by Shanee Stepakoff


These “found poems” are unquestionably harrowing to read and painful to absorb. Eight survivors of the murderous cruelty and atrocities committed during the civil war in Sierra Leone tell their own stories, and in their own words. Every one of these words is drawn from transcripts of the war crimes tribunals that came with the end of that war. Shanee Stepakoff—a psychologist who has long worked with survivors of torture—brings to these transcript accounts her poet’s sense of lineation, stanzaic structure, pauses, refrains and repetitions. Thus, she creates a ceremonial space in which we as readers might begin to hear and bear witness to the unbearable degree of violence, suffering, and loss that these women and men endured.
—Fred Marchant
Author of Said Not Said (Graywolf Press)

Of the many forms of human suffering, ethical loneliness—the experience of enduring atrocity only to be confronted with the annihilating cruelty and injustice of remaining unheard—sheds a radiant, hurt light on the very nature and power of language itself. In stark, beautifully calibrated lines, Shanee Stepakoff reaches into that silence to serve and bring forth these necessary voices. Here, the plainest words, “I saw” “I heard” ‘I walked” take on an almost shocking and devastating dignity. As the survivors recount their stories, it is as if each syllable, each word, is a bone stripped bare. “He was burning,” “I used to be,” “I was born,” “he was cutting the child.” At once unsparing and informed by a deep tenderness and care, this darkly luminous work implicitly interrogates the nature of authorship and poetic form, and like all seminal works, helps to question, expand, and re-define their boundaries.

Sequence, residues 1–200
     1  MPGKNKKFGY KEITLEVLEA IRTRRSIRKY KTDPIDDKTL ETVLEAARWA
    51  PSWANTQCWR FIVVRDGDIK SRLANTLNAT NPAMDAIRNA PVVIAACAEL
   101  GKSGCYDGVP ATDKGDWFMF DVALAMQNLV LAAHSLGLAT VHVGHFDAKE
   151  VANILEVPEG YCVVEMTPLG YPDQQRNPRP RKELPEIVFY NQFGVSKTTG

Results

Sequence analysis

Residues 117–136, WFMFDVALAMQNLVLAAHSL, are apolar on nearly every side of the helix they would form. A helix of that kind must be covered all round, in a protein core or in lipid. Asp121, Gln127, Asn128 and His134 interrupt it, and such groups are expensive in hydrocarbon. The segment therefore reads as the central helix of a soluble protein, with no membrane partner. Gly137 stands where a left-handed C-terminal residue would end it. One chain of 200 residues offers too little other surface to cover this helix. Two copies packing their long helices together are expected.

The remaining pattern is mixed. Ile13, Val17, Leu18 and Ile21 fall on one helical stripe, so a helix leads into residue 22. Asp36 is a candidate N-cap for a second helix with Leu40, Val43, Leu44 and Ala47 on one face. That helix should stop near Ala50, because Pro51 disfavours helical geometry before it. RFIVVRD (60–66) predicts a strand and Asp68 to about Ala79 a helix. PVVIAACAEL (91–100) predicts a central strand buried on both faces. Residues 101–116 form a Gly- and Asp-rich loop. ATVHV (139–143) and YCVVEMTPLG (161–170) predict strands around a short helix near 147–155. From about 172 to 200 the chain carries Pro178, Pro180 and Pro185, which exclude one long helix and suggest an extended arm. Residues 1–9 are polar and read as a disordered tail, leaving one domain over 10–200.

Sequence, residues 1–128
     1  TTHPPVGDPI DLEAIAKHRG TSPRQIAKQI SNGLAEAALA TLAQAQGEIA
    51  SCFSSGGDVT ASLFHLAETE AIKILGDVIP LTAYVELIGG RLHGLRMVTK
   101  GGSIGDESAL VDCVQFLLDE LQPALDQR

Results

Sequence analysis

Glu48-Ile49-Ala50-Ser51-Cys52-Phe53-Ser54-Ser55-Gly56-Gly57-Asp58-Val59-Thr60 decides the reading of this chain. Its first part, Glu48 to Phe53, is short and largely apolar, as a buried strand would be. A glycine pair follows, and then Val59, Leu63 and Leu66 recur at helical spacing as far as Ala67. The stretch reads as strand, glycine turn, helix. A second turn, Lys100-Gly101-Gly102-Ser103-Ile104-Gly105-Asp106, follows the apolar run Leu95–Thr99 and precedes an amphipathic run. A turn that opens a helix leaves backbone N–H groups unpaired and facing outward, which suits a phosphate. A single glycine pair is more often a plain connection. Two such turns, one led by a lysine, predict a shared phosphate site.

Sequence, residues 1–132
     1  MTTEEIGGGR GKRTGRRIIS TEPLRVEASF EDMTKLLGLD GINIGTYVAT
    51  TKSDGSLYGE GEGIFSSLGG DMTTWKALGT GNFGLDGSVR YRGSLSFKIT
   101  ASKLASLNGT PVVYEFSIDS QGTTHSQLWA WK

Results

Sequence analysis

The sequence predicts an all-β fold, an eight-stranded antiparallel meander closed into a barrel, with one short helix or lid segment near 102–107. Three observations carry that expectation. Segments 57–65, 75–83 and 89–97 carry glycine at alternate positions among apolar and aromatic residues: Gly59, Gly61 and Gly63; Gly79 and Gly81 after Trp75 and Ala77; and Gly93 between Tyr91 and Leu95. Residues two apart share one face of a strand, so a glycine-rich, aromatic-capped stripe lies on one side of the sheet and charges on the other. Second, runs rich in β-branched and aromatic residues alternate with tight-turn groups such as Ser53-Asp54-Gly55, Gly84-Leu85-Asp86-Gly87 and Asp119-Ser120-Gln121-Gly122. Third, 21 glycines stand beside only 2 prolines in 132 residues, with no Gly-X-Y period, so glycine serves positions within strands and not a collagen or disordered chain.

—Laurie Sheck

When politics invades lives in the most brutal of ways, what can be fashioned from the aftermath? In these found poems Shanee Stepakoff has taken the testimonies of those upon whom the violence was committed and turned them into a work of witness, Nadine Gordimer’s ‘inward testimony’ that it is the task of artists to deliver. Outwardly the poems in this collection stand as monument to remembrance and commemoration, a stay against oblivion for the people of Sierra Leone whose lives were marked by the civil conflict of 1991-2002. They are a significant contribution to the literature of that country and of conflict.
—Aminatta Forna

In Testimony: Found Poems from the Special Court for Sierra Leone, Shanee Stepakoff finally breaks the veil of silence that surrounds the unspeakable horrors of Sierra Leone’s long civil war. She has recomposed the official accounts to offer us both the intimacy and eternality of survivor stories.
—Remi Raji

The incredible horrors painfully recited herein…include the mutilation of children, mass rapes, and torture by rival revolutionary groups…. Shanee Stepakoff’s documented testimonies illustrate the continuing crying need for effective international controls and binding laws to deter such atrocities everywhere.
—Benjamin Ferencz
Investigator of Nazi war crimes after World War II and the last surviving Nuremberg prosecutor (2020)